Access to COVID-19 vaccines continues to expand in the United States, and employers are navigating many questions about employee vaccinations and return to work. Current polling shows a substantial number of workers are hesitant about getting the shots or may refuse to be vaccinated against the virus. Now, a New Mexico employee has filed what appears to be one of the first lawsuits opposing an employer’s vaccination mandate.
Isaac Legarreta works as a corrections officer at the Doña Ana County Detention Center in Las Cruces, New Mexico. According to the complaint he filed in federal district court, his employer issued a “mandatory COVID-19 vaccination directive” requiring him to receive the vaccine as a condition of ongoing employment. He refused to follow the directive and received a write-up letting him know he must comply.
On February 28, 2021, Legarreta filed suit seeking damages and asking the court to enjoin (or block) his employer from terminating him for refusing to get the shots.
Gist of Employee’s 3 Claims
Legarreta’s lawsuit raises both statutory and constitutional claims against several government officials associated with Doña Ana County:
“Unapproved” medical product. First, Legarreta claims the vaccine mandate communicated to him directly violates 21 U.S.C. § 360bbb-3, which governs the emergency authorization of “unapproved” medical products. “Unapproved” products include those that are authorized for emergency use but not yet approved through the standard approval process.
Section 360bbb-3 requires the secretary of health and human services to establish conditions designed to ensure (among other things) that individuals “are informed . . . of the option to accept or refuse administration of the product, of the consequences, if any, of refusing administration of the product, and of the alternatives to the product that are available and of their benefits and risks.” Based on the language, Legarreta argues the defending parties violated federal law by failing to let him know he had the option to refuse the COVID-19 vaccine.
Retaliatory discharge. Second, Legarreta alleges retaliatory discharge, claiming his termination for refusing a vaccine that “federal law requires not to be mandated” would violate New Mexico law. He acknowledges that, because he is a state employee, sovereign immunity precludes a retaliatory discharge claim seeking damages, but he maintains injunctive relief is still available.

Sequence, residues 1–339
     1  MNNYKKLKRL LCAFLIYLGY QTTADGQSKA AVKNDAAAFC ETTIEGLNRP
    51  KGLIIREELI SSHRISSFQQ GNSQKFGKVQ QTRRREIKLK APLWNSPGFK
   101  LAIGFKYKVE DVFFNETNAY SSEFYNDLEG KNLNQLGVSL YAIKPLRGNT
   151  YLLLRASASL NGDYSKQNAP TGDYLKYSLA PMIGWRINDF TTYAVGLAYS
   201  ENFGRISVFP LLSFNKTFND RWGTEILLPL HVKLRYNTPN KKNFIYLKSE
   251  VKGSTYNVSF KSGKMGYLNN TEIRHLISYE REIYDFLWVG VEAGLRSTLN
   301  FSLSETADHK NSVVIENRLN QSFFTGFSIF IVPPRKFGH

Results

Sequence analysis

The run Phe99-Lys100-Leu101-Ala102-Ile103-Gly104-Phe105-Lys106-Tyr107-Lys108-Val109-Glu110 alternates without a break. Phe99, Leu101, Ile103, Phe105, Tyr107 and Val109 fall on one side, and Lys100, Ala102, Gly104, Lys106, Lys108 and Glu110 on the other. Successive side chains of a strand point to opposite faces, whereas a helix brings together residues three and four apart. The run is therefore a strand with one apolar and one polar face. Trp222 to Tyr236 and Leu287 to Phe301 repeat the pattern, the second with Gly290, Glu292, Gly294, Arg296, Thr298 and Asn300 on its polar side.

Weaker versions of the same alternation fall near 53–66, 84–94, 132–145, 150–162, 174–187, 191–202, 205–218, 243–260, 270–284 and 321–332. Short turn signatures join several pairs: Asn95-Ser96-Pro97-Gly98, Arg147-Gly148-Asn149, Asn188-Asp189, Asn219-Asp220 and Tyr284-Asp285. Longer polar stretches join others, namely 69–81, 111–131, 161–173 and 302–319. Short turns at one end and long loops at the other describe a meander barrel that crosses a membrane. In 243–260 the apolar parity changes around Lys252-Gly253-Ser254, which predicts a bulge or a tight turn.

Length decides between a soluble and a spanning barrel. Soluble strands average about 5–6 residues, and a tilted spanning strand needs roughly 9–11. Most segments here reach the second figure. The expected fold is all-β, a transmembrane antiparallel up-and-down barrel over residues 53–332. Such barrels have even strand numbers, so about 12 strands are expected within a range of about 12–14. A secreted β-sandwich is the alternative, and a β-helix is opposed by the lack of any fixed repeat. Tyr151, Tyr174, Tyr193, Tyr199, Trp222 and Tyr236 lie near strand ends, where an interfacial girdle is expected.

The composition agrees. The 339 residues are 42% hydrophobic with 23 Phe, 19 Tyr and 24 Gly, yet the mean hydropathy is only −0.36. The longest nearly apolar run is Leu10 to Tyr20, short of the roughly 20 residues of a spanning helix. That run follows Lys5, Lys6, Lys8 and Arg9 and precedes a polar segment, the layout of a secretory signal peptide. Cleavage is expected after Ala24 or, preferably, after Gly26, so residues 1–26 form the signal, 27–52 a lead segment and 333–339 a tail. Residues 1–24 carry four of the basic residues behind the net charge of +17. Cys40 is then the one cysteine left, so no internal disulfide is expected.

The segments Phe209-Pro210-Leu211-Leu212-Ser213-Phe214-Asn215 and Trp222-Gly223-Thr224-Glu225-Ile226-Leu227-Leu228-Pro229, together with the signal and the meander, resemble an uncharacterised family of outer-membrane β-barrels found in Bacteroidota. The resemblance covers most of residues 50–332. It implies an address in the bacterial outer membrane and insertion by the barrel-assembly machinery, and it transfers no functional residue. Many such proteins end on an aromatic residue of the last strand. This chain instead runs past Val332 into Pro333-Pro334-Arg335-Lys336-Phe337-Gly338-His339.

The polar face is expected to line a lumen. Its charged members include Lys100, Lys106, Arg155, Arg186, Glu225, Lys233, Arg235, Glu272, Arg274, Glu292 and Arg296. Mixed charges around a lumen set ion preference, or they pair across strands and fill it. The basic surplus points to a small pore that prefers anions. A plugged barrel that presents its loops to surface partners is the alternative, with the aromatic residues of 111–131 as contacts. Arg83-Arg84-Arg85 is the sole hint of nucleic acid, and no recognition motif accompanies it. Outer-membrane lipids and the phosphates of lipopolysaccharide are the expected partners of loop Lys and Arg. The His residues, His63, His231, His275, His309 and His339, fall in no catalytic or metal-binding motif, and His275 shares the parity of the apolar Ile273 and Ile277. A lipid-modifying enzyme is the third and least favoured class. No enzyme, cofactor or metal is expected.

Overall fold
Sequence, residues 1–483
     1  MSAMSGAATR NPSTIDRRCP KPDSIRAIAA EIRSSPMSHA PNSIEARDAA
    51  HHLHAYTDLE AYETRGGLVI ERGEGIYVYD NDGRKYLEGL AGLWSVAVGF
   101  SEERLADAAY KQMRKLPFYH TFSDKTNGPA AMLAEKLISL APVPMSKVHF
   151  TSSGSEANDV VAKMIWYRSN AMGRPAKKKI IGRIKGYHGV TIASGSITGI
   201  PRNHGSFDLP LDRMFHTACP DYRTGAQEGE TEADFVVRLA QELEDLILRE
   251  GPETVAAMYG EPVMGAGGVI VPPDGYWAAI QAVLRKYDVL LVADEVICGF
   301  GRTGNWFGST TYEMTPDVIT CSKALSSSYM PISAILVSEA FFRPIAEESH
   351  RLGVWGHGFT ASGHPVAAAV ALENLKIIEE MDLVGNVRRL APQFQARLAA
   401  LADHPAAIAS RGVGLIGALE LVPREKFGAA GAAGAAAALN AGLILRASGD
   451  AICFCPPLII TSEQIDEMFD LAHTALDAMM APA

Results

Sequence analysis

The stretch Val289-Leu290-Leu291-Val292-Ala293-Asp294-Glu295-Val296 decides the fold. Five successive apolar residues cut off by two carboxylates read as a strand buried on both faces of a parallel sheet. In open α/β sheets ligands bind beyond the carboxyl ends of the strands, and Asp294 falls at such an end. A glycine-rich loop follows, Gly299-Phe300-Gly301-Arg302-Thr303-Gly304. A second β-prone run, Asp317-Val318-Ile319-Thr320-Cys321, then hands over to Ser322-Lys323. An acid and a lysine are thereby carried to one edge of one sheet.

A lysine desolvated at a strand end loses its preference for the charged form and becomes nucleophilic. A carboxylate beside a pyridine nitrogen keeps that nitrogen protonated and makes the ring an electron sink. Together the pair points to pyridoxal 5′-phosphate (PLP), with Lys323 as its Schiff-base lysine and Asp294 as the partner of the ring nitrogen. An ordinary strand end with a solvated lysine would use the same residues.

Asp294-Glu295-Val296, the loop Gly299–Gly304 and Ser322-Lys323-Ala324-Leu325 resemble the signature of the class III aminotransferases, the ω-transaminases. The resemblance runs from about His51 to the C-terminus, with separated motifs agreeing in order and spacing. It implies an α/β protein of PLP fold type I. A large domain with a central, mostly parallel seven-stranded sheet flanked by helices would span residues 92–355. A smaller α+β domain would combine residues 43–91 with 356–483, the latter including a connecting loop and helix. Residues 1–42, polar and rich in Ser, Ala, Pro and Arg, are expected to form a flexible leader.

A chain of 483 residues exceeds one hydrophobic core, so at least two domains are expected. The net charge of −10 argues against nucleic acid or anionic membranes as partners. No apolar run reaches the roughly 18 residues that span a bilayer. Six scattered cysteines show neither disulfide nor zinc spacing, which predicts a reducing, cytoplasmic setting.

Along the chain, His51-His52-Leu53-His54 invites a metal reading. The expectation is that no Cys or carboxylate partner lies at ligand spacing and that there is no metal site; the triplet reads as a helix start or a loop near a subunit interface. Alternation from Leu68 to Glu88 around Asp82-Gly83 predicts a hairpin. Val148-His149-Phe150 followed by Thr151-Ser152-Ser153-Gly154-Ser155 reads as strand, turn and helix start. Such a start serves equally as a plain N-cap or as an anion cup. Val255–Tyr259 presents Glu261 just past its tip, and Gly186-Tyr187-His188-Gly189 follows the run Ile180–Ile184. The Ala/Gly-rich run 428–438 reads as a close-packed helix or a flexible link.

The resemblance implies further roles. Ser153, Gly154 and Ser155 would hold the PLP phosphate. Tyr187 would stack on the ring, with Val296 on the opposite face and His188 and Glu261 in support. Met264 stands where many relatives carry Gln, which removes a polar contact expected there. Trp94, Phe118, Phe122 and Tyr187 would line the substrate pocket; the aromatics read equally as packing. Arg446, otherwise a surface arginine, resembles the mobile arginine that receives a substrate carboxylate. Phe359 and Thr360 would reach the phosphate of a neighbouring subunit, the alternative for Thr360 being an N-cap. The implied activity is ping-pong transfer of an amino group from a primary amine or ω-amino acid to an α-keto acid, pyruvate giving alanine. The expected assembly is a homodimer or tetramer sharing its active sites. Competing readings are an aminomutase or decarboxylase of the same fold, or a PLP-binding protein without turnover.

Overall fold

Due process rights. Third, Legarreta claims the mandatory vaccination program violates his due process rights under the 14th Amendment and constitutes an “invasion of the zone of privacy and right to bodily integrity” recognized under U.S. Supreme Court case law. The complaint acknowledges a previous Supreme Court decision found “a state law requiring vaccination was valid” but asserts the case was decided “116 years ago when many of our most sacred and fundamental rights were still being sorted out.”
Employer’s Possible Arguments
It’s not clear how the court will address Legarreta’s claims, but he appears to be facing some hurdles:
- First, the defending parties may argue Legarreta can’t pursue at least some of the asserted claims against them individually.
- Second, the Equal Employment Opportunity Commission (EEOC) issued guidance in December 2020 stating employers may require COVID-19 vaccinations under a qualification standard that includes “a requirement that an individual shall not pose a direct threat to the health or safety of individuals in the workplace,” subject to potential accommodation obligations for individuals objecting to the shots over disability or religious-based concerns.
- Third, even accepting the claim that Section 360bbb-3 means an individual must be informed by their employer (or its individual managers) of “the option to accept or refuse” the vaccine, the statute also explicitly contemplates informing the individual of the “consequences” of refusal.
In the Doña Ana County case, the vaccine directive and subsequent communication let employees know (1) they could contact HR to seek an accommodation if they had Americans with Disabilities Act (ADA) or equal employment opportunity-related concerns about the vaccination requirement, and (2) absent a granted accommodation, the shots were a requirement and condition of ongoing employment with the county. The communication by Legarreta’s employer arguably satisfied Section 360bbb-3’s requirements (to the extent the named individual parties were required to do so).
The retaliation and constitutional claims also may face an uphill battle. Retaliation claims generally require an employee to have engaged in protected activity. While refusing an employer’s directive to engage in unlawful activity may qualify as protected activity, refusing a legitimate directive, in most cases, does not. As for the constitutional claim, the complaint itself acknowledges the Supreme Court has previously deemed state-mandated vaccination requirements valid.
While Legarreta’s lawsuit may or may not be a harbinger of litigation to come, employers considering requiring employees to receive the COVID-19 vaccine should tread carefully. The considerations surrounding workplace vaccination programs are complex, from business justifications and accommodation issues to public relations pitfalls and myriad litigation risks.
Daniel G. Prokott, Sean R. Somermeyer, and Raphael B. Coburn are attorneys with Faegre Drinker. You can reach them at firstname.lastname@example.org, email@example.com, and firstname.lastname@example.org.